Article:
Federal raids target illegal chips that run pirated video games
WASHINGTON » Federal customs agents raided more than 30 businesses and homes in 16 states, including Hawaii, yesterday looking for devices that allow pirated video games to play on Wiis, PlayStation 2s and Xboxes.
The alleged sale and distribution of illegal modification chips and copyright circumvention devices for the popular consoles and others included 32 search warrants in 16 states, said U.S. Immigration and Customs Enforcement.
"There was one search warrant executed in Honolulu," said Lori Haley, ICE spokeswoman.
ICE declined to release the names of those targeted but said they are allegedly responsible for importing, installing, selling and distributing foreign-made devices smuggled into the United States.
Illegal chips and other devices used on gaming consoles violate the Digital Millennium Copyright Act of 1998. Sales of counterfeit or illegally obtained games costs the industry about $3 billion a year globally, not including Internet piracy, estimates the Entertainment Software Association trade group.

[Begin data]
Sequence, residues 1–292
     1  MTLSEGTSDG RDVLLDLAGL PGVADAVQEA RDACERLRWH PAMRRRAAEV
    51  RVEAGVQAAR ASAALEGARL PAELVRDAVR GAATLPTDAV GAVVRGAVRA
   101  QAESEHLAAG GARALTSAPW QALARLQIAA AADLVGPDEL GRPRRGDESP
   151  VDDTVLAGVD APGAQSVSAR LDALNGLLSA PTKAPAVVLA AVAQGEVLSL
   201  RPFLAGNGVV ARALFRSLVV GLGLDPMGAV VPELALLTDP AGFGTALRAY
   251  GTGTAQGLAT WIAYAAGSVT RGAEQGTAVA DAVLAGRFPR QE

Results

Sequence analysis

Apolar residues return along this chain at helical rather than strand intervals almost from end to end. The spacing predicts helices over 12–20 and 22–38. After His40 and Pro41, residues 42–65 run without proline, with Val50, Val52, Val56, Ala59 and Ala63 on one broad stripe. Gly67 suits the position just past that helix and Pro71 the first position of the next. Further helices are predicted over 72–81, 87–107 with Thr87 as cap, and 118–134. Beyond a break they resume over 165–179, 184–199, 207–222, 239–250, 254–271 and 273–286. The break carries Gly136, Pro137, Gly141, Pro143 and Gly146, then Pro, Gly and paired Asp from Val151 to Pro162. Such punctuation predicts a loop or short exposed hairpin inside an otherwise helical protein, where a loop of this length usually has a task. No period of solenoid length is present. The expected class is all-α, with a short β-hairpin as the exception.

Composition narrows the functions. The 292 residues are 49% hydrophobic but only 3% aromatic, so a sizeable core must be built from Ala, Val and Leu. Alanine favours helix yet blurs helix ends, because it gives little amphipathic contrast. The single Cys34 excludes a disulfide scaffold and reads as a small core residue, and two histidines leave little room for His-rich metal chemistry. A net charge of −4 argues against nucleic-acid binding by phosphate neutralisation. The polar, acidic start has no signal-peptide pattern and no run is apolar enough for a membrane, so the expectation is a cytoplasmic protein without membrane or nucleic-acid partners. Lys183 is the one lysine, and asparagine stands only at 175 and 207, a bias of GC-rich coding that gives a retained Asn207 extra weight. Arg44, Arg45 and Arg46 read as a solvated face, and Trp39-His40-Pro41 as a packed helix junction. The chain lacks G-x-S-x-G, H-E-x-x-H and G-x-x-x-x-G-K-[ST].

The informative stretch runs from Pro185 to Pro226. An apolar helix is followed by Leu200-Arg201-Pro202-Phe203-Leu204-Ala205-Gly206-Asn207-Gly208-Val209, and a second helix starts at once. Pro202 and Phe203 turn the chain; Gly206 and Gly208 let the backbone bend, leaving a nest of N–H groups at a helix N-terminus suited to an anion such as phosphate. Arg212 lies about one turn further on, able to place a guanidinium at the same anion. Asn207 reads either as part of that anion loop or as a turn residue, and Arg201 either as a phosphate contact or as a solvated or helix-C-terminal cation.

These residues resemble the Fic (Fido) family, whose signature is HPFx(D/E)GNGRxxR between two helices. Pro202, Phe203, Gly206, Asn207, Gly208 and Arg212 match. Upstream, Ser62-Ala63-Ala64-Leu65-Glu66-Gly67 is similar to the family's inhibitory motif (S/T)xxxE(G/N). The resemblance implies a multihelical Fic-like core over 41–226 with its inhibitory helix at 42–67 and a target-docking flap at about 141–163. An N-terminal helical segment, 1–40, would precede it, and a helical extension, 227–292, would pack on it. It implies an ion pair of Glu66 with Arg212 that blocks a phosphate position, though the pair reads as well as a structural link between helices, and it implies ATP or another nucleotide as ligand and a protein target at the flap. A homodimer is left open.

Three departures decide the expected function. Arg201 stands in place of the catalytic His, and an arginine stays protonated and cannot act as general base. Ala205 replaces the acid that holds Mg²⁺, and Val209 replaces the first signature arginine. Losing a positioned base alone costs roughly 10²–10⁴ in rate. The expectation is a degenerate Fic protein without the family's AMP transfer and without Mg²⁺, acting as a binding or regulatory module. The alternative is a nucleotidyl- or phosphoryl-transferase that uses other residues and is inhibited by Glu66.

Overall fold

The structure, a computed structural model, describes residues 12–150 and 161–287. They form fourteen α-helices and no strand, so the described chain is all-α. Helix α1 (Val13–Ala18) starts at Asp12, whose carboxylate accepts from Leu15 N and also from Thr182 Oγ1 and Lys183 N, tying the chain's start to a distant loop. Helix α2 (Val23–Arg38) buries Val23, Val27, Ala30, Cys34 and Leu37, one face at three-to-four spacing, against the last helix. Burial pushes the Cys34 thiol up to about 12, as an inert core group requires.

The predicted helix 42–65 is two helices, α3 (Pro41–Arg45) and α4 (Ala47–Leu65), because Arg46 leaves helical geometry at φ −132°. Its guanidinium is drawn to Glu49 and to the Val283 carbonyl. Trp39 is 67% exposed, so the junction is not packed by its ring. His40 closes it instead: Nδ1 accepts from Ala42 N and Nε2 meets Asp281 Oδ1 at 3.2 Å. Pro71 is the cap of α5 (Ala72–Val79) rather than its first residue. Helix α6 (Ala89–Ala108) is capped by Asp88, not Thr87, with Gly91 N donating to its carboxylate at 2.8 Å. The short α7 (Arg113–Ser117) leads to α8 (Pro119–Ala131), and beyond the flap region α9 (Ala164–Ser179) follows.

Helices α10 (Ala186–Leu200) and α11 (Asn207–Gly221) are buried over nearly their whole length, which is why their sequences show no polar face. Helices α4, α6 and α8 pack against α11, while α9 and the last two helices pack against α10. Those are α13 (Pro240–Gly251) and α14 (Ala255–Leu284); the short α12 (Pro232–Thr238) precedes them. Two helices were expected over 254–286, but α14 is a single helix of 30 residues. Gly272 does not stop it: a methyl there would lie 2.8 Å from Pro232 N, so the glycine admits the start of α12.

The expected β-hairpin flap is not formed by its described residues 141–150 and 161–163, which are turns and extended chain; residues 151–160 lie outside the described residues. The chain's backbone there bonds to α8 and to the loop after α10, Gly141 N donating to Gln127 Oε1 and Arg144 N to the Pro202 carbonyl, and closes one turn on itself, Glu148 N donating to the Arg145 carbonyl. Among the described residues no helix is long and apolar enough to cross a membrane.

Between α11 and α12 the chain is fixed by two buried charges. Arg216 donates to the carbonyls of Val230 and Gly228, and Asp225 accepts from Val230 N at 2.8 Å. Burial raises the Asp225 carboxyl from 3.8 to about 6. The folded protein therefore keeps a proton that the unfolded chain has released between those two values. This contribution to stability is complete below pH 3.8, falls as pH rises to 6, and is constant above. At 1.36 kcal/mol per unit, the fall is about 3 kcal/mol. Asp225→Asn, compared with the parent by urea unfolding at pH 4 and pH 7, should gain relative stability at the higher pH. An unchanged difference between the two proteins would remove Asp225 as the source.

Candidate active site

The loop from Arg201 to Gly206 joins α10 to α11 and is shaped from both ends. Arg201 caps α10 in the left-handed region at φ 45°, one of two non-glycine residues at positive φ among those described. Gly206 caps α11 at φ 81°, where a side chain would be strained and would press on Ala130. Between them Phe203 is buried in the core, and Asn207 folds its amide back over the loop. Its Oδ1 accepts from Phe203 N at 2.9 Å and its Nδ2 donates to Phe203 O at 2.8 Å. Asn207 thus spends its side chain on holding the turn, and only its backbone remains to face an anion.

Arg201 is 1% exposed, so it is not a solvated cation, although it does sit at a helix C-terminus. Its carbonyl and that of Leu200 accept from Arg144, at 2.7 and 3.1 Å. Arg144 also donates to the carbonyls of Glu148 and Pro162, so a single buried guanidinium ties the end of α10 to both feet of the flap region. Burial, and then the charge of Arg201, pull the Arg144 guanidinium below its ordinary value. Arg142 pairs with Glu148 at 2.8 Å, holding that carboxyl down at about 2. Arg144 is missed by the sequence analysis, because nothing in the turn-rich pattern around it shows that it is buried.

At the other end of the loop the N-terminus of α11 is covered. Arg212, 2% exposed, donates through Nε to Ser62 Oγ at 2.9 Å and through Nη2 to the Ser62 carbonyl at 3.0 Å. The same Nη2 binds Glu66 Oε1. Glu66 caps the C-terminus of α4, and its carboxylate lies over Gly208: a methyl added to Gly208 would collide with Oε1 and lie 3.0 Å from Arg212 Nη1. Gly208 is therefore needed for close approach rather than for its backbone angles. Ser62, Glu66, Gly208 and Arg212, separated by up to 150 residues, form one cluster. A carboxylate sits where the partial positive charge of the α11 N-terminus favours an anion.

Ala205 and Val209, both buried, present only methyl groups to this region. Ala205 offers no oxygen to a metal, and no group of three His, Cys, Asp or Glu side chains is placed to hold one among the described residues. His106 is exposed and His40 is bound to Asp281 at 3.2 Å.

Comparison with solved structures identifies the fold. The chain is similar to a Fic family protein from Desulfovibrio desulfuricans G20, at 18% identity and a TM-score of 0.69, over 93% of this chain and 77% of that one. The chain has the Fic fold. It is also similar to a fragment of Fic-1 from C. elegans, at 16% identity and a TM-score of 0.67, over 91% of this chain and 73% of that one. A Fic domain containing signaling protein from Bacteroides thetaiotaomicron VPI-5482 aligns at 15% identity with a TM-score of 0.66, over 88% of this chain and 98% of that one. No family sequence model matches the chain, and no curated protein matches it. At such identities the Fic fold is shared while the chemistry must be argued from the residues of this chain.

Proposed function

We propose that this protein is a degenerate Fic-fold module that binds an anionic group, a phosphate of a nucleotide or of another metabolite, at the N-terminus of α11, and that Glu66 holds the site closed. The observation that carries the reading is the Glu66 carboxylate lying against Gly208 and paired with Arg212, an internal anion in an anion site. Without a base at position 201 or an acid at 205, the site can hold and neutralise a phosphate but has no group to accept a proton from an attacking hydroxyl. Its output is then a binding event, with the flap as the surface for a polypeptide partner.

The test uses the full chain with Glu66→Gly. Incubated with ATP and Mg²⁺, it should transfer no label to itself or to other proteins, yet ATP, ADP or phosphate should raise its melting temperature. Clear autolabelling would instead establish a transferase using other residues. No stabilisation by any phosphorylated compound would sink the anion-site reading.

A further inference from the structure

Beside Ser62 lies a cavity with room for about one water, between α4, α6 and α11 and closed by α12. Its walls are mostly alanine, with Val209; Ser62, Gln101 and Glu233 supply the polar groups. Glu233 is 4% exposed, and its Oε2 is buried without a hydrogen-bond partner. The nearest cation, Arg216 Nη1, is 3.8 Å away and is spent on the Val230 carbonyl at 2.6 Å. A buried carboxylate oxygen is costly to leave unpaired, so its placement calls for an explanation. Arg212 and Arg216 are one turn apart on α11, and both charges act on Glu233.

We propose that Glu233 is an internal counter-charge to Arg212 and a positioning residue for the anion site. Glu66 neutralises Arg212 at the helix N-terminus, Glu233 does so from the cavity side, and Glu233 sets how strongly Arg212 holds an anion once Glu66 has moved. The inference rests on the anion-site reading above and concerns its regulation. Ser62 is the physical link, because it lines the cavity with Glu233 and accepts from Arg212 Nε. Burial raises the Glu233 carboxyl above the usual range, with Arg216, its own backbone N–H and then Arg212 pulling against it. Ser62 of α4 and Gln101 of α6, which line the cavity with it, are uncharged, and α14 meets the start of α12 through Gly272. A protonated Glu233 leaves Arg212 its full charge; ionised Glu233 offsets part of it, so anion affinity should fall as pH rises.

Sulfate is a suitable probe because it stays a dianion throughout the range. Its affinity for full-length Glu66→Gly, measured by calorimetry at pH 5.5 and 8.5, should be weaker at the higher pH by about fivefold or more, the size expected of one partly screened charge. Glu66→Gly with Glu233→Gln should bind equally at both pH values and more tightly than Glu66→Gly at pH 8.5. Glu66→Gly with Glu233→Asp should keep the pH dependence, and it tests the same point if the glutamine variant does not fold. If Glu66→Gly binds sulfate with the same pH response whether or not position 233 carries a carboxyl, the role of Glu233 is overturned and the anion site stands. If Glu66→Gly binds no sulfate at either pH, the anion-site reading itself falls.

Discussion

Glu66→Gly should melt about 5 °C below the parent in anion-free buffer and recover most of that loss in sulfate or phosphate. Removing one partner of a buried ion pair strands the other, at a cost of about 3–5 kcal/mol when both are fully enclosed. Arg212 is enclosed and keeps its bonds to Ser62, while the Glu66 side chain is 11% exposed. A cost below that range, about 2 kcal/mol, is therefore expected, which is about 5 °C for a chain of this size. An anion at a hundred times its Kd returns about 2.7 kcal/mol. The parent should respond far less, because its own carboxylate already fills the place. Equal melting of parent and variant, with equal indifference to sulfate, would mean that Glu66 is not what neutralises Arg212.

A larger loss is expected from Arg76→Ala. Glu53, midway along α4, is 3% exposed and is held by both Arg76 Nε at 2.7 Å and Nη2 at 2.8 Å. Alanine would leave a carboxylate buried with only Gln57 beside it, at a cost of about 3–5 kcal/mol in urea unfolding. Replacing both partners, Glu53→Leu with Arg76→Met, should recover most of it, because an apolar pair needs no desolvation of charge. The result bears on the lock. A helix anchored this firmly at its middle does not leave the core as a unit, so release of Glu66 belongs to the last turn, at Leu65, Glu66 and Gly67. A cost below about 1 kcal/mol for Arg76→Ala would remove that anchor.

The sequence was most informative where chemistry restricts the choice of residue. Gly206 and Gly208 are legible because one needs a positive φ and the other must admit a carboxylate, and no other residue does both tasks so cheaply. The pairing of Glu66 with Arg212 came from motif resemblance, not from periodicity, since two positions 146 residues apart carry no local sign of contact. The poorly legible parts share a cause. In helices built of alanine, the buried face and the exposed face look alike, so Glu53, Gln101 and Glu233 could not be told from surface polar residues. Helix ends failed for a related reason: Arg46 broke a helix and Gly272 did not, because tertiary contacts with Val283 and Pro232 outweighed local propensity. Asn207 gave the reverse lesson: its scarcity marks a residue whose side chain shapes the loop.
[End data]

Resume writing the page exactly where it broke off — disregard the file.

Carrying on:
Piracy losses for Nintendo and its game developers and publishers likely totaled $762 million last year alone, said Jodi Daugherty, senior director of anti-piracy at Redmond, Wash.-based Nintendo America.
Daugherty's five-person team coordinates global anti-piracy efforts for Nintendo's Japan-based parent company. Since April the company has helped law enforcement agencies worldwide seize 61,000 counterfeit Wii modification chips, she said.
Yesterday's federal raids came after a yearlong investigation conducted by ICE's Office of the Assistant Special Agent in Charge in Cleveland, which coordinated with the U.S. Attorney's Office for the Northern District of Ohio and the Department of Justice's Computer Crimes and Intellectual Property Section. ICE said it also received assistance from companies and industry trade groups.
The raids were conducted in California, Florida, Hawaii, Idaho, Illinois, Maryland, Massachusetts, Michigan, Minnesota, New York, North Carolina, Ohio, Pennsylvania, South Carolina, Texas and Wisconsin.
Star-Bulletin reporter Nelson Daranciang contributed to this report.